He bestowed an exquisite sense of self on the women who wore his designsby Jane Shilling / May 17, 2017 / Leave a comment
Paris fashion week this year was an unusually fretful affair, tainted by accusations of racism among casting directors and reports of models locked for hours in an unlit stairwell. But the couture story of the week was Balenciaga, which, under its creative director, Demna Gvasalia and his predecessors Nicolas Ghesquière and Alexander Wang, has become one of the most sought-after names in high fashion. Driven by the sales of “It” bags and high-end prêt-à-porter, the label’s new-found popularity is a return to the cult status that the house enjoyed in the mid-20th century under its founder, the couturier Cristóbal Balenciaga.
Little about the house that bears his name or the 21st-century milieu of fast fashion—wraith-thin models, attention-deficit Instagramming and frantic publicity-seeking—would be familiar to Balenciaga. He was a man of such resolute reticence that it was rumoured he didn’t exist. He never took a bow at the end of his collections, rarely met his clients and gave only two interviews. Yet 45 years after his death in 1972, his influence remains profound. Not just in the acknowledgement of his legacy in the reinterpreted archive designs of recent collections, including Gvasalia’s, but in the radical ideas about form and structure, and the technical innovations of fabric and cutting that descend in a direct line from his disciples—Hubert de Givenchy, Emanuel Ungaro and Andrè Courrèges—to contemporary designers such as Rei Kawakubo of Comme des Garçons, Phoebe Philo of Celine and JW Anderson.
When the house of Balenciaga abruptly closed its doors during the Paris évènements of 1968, it was as though a great monument had toppled. Balenciaga’s clients, wealthy society women on either side of the Atlantic, were aghast. Diana Vreeland, the maverick grande dame of American fashion, was staying on Capri with Mona Bismarck, one of the wealthiest women in the world, when a friend telephoned to say that she had heard the news on the radio. Mona, who had then worn Balenciaga for 20 years (even her gardening shorts were designed by him), was distraught. “[She] didn’t come out of her room for three days,” Vreeland recalled. “She went into a complete… I mean, it was the end of a certain part of her life!”
It wasn’t just Balenciaga’s faithful clients who admired the couturier’s vision and supreme mastery of his craft. Despite—or perhaps because of—his famous reclusiveness, he had become a celebrity. Paparazzi stalked him: in 1962, France-Soir published a snatched picture of him wearing his white work smock, captioned: “This is Balenciaga, the mystery man.”
“When the events of 1968 closed Balenciaga, Mona Bismarck, who had worn the brand for 20 years (even her shorts) was distraught”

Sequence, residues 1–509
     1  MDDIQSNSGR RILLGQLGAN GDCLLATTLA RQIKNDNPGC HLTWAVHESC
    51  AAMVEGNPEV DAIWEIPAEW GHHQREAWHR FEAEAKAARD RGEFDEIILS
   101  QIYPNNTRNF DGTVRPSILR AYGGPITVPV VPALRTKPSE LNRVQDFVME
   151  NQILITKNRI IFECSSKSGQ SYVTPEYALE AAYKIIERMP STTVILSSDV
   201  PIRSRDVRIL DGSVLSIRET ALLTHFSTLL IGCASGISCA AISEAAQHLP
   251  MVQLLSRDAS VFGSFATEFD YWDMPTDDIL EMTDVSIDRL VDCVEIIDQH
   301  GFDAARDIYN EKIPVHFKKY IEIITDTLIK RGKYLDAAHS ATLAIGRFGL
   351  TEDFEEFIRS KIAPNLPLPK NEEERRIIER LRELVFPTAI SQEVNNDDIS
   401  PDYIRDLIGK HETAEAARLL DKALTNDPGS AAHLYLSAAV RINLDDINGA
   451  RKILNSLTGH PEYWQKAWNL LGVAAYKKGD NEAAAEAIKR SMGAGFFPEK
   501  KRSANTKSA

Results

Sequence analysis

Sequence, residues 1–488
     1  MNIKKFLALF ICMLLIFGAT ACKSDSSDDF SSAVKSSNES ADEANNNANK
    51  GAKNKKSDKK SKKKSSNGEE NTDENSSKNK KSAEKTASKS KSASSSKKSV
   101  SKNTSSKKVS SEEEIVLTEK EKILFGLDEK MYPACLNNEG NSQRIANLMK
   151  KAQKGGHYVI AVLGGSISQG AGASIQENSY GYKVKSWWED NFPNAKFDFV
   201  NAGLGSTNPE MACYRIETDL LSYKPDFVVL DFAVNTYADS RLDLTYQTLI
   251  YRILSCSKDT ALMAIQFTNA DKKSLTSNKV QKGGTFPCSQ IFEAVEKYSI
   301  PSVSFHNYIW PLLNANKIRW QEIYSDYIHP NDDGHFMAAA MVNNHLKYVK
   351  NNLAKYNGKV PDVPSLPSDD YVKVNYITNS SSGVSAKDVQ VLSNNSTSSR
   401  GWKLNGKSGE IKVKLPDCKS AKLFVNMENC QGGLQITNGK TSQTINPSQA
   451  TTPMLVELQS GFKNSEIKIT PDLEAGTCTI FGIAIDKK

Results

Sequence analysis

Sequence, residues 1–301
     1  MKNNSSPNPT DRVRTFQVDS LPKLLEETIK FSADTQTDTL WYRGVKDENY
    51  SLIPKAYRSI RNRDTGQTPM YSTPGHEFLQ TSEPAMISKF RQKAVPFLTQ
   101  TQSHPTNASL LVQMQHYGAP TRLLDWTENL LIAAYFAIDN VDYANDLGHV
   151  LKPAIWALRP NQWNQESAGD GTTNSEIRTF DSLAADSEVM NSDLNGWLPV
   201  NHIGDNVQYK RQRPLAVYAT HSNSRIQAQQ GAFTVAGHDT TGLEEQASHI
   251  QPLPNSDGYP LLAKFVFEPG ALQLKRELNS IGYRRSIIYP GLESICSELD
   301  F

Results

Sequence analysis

His rivals acknowledged his genius: a unique blend of technical skill, relentless perfectionism and bold originality. “Haute couture is like an orchestra, whose conductor is Balenciaga,” said Christian Dior. “We other couturiers are the musicians and we follow the direction he gives.” Coco Chanel, once Balenciaga’s friend until they fell out over a spiteful interview in which she accused him of not understanding women’s bodies, admitted that he “alone is a couturier in the truest sense of the word. Only he is capable of cutting material, assembling a creation and sewing it by hand. The others are just designers.”
Retrospective celebrations of Balenciaga’s work began almost immediately after his death. Vreeland curated an exhibition at the Costume Institute of the Metropolitan Museum of Art in New York in 1973. That show was followed by a multitude of others worldwide, and by the opening in 2011 of a museum at his birthplace, the Basque town of Getaria. In 1969, the photographer Cecil Beaton had suggested to the director of the V&A, John Pope-Hennessy, that haute couture should be regarded as a form of art, and in 1971 Beaton included 31 Balenciagas in his exhibition, Fashion: an Anthology. Balenciagas from the V&A’s collection appeared in the museum’s 2007 show, The Golden Age of Couture, but until now his legacy has remained unacknowledged by a major solo UK exhibition. All that will change with the V&A’s Balenciaga: Shaping Fashion, which marks a century since he opened his design house, and 80 years since he presented his first haute couture collection in Paris.
Like Yves St Laurent and the current darling of French fashion, 27-year-old Simon Porte Jacquemus, Balenciaga was a child prodigy; and like Chanel and Alexander McQueen, he came from a modest background. He was born in 1895 in the fishing port of Getaria on the Basque coast, 30 kilometres from San Sebastián. His father was a fisherman who died when Balenciaga was 11, and his widowed mother, Martina, supported him and his elder sister and brother by working as a seamstress. Martina made clothes for a local aristocrat, the Marquesa de Casa Torres, and it was through the Marquesa’s patronage that 12-year-old Cristóbal was apprenticed to a tailor in San Sebastián. Half a century later he would design a regal wedding dress of pearly satin trimmed with white mink for the marriage of the Marquesa’s granddaughter, Fabiola, to the King of the Belgians.
Spain remained neutral during the First World War, and from 1917 Paris couturiers showed their collections in San Sebastián. Here Balenciaga met Madeleine Vionnet, the pioneer of bias-cutting—where garments are made from sections of fabric cut across the grain, enabling the clothing to cling to the body, to stretch and move. She became his lifelong friend and encouraged him to become a designer. He opened his first salon in San Sebastián; branches in Barcelona and Madrid followed, but in 1936 the Spanish Civil War prompted his move to Paris where, backed by a Basque couple, the Bizcarrondos, and his lover, the Franco-Russian interior decorator, Wladzio Jaworowski d’Attainville, he found premises at 10, avenue George V.